A. No, he did not. He never got out of the car at all if I remember correctly.
Q. He was simply along with you?
[ 385 Pa. Super. Page 285]
This testimony failed to establish that appellant had entered the residence with an intent to commit a crime therein. In order to establish appellant's guilt, therefore, it was essential for the Commonwealth to prove that appellant was an accomplice of Fred Miller in the commission of the burglary. An accomplice is one who "knowingly and voluntarily cooperates with or aids another in the commission of a crime." Commonwealth v. Carey, 293 Pa. Super. 359, 373, 439 A.2d 151, 158 (1981). See: 18 Pa.C.S. § 306. See also: Commonwealth v. Jones, 213 Pa. Super. 504, 508, 247 A.2d 624, 626 (1968). To be an accomplice, "one must be an active partner in the intent to commit [the crime]." Commonwealth v. Fields, supra 460 Pa. at 319-320, 333 A.2d at 747; Commonwealth v. McFadden, 448 Pa. 146, 150, 292 A.2d 358, 360 (1972). "An [accomplice] must have done something to participate in the venture." Commonwealth Page 285} v. Flowers, 479 Pa. 153, 156, 387 A.2d 1268, 1270 (1978). "[A] showing of mere presence at the scene of a crime is insufficient to support a conviction: evidence indicating participation in the crime is required." Commonwealth v. Keblitis, 500 Pa. 321, 324, 456 A.2d 149, 151 (1983). See also: Commonwealth v. Smith, 490 Pa. 374, 416 A.2d 517 (1980); Commonwealth v. Blankenbiller, 362 Pa. Super. 477, 524 A.2d 976 (1987); Commonwealth v. Johnson, 355 Pa. Super. 372, 513 A.2d 476 (1986). "Even presence at the scene of a crime in the company of its perpetrator has been held to be insufficient to sustain a conviction." In re Hawthorne, 374 Pa. Super. 104, 107, 542 A.2d 167, 169 (1988). See also: Commonwealth v. Roscioli, supra 454 Pa. at 63-64, 309 A.2d at 399; Commonwealth v. Garrett, 423 Pa. 8, 12-13, 222 A.2d 902, 905 (1966); In re Amos, 287 Pa. Super. 446, 449, 430 A.2d 688, 690 (1981).
In the instant case, the Commonwealth's evidence showed only that appellant had been present in a car when the driver stopped the car, broke into a home, and removed personal property. There was no evidence that appellant had agreed to aid or did in fact aid Miller in the commission of the burglary. We know only that appellant was present in the car.
The Commonwealth argues that a jury could infer that Miller, when called as a Commonwealth witness, was protecting Brady and that he testified untruthfully when he said that appellant had merely remained in the car. We reject this argument. Although the jury could certainly disbelieve Miller's testimony, it could not find appellant guilty in the absence of evidence showing participation. The only testimony which the Commonwealth offered regarding appellant's presence was the testimony of Fred Miller. Therefore, when Miller failed to implicate appellant there was no other evidence upon which the jury could rely. A finding that Miller was not credible did not support an affirmative inference that appellant was guilty. To convict, evidence of participation was necessary.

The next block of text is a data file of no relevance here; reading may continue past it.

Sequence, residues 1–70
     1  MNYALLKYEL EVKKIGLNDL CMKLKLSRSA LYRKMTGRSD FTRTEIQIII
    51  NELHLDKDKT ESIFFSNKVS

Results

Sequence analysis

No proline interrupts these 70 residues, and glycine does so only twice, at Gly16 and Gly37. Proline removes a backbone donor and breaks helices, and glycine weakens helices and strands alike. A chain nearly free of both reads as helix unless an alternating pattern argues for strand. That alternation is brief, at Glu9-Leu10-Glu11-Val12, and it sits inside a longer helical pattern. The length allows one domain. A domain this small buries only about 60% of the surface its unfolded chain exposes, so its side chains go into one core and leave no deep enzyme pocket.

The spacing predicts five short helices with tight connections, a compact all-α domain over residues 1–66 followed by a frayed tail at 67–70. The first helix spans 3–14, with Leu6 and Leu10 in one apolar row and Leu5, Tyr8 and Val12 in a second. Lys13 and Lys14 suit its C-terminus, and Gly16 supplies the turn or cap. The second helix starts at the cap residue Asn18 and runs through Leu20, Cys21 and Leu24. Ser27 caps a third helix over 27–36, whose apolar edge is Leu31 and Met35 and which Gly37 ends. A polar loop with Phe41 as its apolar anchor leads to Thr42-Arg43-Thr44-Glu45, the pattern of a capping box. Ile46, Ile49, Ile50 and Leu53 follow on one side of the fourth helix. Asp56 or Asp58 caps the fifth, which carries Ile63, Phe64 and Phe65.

[ 385 Pa. Super. Page 286]
The Commonwealth argues in the alternative that the jury could have found that appellant was acting as a "look out" while Fred Miller entered the home. It contends that it would be unreasonable to assume that appellant "did not assist his friend at least by acting as lookout while Miller was inside the house during daylight hours at a time when the residents could soon be returning home from work or school." There is no evidence, however, from which it can be found that appellant agreed to act or did act as look out. Nothing more has been shown than that appellant was present. This was insufficient to show that appellant was an accomplice. Commonwealth v. Henderson, 249 Pa. Super. 472, 482-483, 378 A.2d 393, 398 (1977). See also: Commonwealth v. Everett, 297 Pa. Super. 320, 327, 443 A.2d 1142, 1145 (1982).
"[T]he mere fact that a person is present at the scene of a crime but does not in any way participate in or encourage its commission does not make him a principal even in the second degree. Hence, although a man is present while a felony is committed, yet if he takes no part in it, and does not act in concert with those who commit it, he will not be a principal in the second degree merely because he does not endeavor to prevent the felony or apprehend the felon.
"The fact that the witness may approve the commission of the crime does not make him a principal if he had not in any way manifested to the criminals that the shares their purpose and is acting with them. Something must be shown in the conduct of the bystander which indicates a design to encourage, incite or in some manner afford aid or consent to the particular act."
Commonwealth v. Roscioli, supra 454 Pa. at 64-65 n. 5, 309 A.2d at 399 n. 5, quoting 1 Wharton's Criminal Law and Procedure, § 108 (1957). See also: Commonwealth v. Johnson, supra 355 Pa. Super. at 375-376, 513 A.2d at 478 ("We cannot . . . convict a man who did not actively participate, but merely watched as the crime took place."). In the instant case, the Commonwealth was able to prove no more